University of Denver marijuana law professor Sam Kamin and Cannabist writer Ry Prichard, a concentrates expert, talk with marijuana editor Ricardo Baca. Hot topics: Denver proposal to allow more places for pot use, employer policies for marijuana testing and the mysterious world of concentrates. [podcast]
Law professor Sam Kamin takes on another prof’s opinion that legal American marijuana’s days are numbered: “Federal marijuana prohibition will disappear.”
On this week’s Cannabist Show, we catch up with the University of Denver’s marijuana law professor Sam Kamin and pot concentrates expert Ry Prichard.
Schools are starting to help prep students on pot policy, including the University of Denver, Harvard, Hofstra and other prestigious universities. “From the conflicts of state and federal law, to securities law, to ethics, it’s all in play,” says DU law professor Sam Kamin.
“I’m confident, after this discussion, that we have the protections that we were looking for” Gardner said.
Little-known federal law makes it possible to execute people who grow more than 60,000 marijuana plants.
Let’s take a moment to mark strides for marijuana and key cannabis lifestyle trends that defined the past year, in the past twelve months. Here, in no particular order.
Lawyers taking clients from the burgeoning cannabis industry could face prosecution for conspiracy, money laundering or aiding and abetting drug dealers.
Some states are trying to make up for the toll drug enforcement took on minorities by giving them a better shot at joining the growing cannabis industry.
Hours before the clock expired last week, state lawmakers reached a bipartisan agreement about where it is legal to consume marijuana in Colorado.
A working group for the National District Attorneys Association decreed the U.S. Constitution’s Supremacy Clause should reign supreme in a time of rapidly shifting state marijuana laws, but stopped short of stating explicitly what enforcement should look like.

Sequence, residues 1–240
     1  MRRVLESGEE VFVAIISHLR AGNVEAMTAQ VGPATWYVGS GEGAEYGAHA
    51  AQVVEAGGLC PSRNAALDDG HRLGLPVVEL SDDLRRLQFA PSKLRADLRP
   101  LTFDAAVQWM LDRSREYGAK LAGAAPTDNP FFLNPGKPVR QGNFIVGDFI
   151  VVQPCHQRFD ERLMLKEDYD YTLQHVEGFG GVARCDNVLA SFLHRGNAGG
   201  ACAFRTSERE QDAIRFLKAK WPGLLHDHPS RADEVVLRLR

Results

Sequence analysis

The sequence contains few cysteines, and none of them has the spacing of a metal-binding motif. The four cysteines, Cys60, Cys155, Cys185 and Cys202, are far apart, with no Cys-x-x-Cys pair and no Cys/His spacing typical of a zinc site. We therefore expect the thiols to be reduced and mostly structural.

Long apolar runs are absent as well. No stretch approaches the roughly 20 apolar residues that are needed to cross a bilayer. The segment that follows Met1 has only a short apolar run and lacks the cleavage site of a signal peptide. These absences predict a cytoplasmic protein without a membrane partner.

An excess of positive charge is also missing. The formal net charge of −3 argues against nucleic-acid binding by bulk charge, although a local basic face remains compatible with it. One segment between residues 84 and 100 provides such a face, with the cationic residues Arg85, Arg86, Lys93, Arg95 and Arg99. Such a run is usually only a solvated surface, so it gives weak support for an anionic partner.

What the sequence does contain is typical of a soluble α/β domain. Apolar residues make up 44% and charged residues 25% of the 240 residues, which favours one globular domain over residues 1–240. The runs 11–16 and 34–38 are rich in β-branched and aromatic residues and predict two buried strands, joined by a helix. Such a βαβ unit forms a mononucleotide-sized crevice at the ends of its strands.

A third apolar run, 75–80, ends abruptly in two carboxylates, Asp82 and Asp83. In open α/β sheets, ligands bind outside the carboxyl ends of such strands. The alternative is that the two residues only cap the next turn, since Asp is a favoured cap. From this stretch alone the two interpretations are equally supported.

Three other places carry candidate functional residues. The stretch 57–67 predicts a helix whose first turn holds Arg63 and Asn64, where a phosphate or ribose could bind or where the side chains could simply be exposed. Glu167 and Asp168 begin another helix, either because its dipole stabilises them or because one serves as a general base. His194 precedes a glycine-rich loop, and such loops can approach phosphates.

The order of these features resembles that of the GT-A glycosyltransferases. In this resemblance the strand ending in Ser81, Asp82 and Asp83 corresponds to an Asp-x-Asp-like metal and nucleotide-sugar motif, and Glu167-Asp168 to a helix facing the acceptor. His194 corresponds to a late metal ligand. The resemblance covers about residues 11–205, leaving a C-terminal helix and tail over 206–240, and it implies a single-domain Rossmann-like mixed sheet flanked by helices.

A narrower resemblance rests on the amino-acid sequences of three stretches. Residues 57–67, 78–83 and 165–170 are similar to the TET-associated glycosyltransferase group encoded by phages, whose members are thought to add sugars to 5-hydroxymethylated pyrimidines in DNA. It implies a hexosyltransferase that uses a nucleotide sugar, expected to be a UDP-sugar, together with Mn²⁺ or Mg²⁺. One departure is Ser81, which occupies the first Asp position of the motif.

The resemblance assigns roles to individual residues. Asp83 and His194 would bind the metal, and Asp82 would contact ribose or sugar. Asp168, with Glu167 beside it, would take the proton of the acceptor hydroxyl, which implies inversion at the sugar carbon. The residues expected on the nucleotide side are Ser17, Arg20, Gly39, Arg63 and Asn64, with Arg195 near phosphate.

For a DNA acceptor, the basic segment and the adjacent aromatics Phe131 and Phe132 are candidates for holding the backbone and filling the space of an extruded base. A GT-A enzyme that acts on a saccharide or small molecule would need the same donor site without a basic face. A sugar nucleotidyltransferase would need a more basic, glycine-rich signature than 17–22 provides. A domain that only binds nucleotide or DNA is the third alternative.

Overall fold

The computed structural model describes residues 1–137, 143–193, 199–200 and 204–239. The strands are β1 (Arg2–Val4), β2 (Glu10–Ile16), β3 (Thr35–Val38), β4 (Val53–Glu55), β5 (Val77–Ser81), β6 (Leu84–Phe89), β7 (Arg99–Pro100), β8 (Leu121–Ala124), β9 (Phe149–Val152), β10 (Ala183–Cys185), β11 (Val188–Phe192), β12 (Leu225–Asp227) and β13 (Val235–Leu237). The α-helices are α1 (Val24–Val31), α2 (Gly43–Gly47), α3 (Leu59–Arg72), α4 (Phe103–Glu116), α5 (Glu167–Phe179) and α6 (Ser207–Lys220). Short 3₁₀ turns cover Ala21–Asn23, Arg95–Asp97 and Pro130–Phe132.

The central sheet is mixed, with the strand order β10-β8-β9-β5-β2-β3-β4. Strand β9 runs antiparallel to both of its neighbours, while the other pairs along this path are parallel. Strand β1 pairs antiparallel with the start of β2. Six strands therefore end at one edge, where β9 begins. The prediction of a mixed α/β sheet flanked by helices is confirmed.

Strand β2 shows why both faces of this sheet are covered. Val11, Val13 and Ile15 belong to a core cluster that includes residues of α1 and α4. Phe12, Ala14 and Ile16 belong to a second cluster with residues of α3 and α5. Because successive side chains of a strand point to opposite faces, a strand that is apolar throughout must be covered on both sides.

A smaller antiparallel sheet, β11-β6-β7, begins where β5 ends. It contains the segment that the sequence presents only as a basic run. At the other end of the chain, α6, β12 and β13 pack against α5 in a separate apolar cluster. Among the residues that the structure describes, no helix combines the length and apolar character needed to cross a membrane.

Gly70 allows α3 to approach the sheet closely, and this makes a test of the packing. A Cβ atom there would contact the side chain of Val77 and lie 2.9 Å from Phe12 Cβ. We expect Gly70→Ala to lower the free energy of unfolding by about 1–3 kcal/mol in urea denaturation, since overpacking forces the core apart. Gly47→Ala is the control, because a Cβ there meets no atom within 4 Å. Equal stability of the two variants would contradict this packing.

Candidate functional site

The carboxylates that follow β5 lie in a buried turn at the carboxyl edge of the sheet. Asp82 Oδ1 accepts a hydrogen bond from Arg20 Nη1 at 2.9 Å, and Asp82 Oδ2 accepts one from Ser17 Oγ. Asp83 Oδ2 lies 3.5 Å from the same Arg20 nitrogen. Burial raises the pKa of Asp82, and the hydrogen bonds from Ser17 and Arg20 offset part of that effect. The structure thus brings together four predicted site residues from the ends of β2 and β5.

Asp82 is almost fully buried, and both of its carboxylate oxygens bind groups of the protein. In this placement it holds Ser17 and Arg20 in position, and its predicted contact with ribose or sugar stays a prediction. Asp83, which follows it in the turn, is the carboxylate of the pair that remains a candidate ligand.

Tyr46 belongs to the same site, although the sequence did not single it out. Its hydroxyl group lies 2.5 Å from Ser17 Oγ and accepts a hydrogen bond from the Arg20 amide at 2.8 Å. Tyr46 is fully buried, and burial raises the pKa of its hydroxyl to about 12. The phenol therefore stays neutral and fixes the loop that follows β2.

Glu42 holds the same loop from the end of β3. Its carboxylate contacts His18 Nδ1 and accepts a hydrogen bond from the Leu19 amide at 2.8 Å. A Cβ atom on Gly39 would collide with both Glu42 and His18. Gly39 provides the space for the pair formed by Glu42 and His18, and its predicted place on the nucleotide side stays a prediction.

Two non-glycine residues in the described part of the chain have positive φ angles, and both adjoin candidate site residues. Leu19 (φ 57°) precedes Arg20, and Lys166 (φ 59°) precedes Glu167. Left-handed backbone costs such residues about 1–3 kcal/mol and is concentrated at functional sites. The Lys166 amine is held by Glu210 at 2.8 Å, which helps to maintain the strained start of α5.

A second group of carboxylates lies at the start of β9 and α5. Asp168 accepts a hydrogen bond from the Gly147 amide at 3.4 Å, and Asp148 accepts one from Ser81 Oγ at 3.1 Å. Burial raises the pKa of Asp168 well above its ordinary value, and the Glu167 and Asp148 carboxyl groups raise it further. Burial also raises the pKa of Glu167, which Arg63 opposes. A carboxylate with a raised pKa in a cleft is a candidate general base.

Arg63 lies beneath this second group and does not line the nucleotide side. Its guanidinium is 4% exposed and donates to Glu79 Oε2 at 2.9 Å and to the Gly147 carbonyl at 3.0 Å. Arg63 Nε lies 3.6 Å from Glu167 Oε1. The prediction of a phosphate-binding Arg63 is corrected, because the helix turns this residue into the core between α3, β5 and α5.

Two Colorado communities, Aurora and Thornton, use a points-based systems of awarding recreational marijuana licenses that is running into legal hot water.
The Denver FBI honored a youth dropout prevention group Thursday, apparently without realizing it is partially funded with taxes from the marijuana industry.
A convoluted dispute is forming around AG Jeff Sessions laying down the law on marijuana and state legalization. We ask experts to break down the role of the Supremacy Clause and states’ rights.
Marijuana in the age of Trump, Part 2: The Cannabist talked with several law and drug policy experts, industry observers and state officials about what changes in federal enforcement could look like — from the threat of raids on cannabis businesses and seizure of state-collected pot taxes to court issues and the ways Colorado regulations have developed.
Federal appeals court judges on Tuesday reviewed the reach of racketeering laws, chewed over case law and opined over olfactory issues in a case that threatens to stamp out Colorado’s recreational marijuana industry.
U.S. Sen. Elizabeth Warren is leading an effort to help the federal marijuana banking woes – and trying to protect legal businesses. What she’s done so far.
Denver city officials have a lot of questions to sort through as they prepare to issue new social marijuana use permits mandated by the passage of Initiative 300.
New report by prominent human-rights groups notes marijuana arrests outnumber those for violent crimes, highlights the human toll of America’s arrest-first drug policy and urges decriminalization of drug use.
Even with half the nation having legalized medical marijuana, motorists from legalized states are still facing extra police scrutiny in traffic stops.
The sons of a woman shot to death in 2014 have filed what appears to be the country’s first wrongful death lawsuit against the recreational marijuana industry.
A federal appeals court is expected to issue a ruling soon on the scope of the law that could pave the way to end or overturn at least six federal marijuana criminal prosecutions and convictions in California and Washington and limit future prosecutions of medical marijuana users and dispensaries in eight Western states that allow them.
The U.S. Supreme Court on Monday denied Nebraska and Oklahoma’s proposed lawsuit against Colorado’s legal marijuana laws. The decision means the nation’s highest court will not rule on the interstate dispute, and Colorado’s legal cannabis market is safe — for now.
The U.S. Supreme Court did not make a decision Monday on whether to hear a lawsuit brought against Colorado over marijuana legalization.
A federal judge this week removed the governor and other state and Pueblo County officials as defendants in a high-profile racketeering lawsuit that is attempting to stop legal marijuana in Colorado.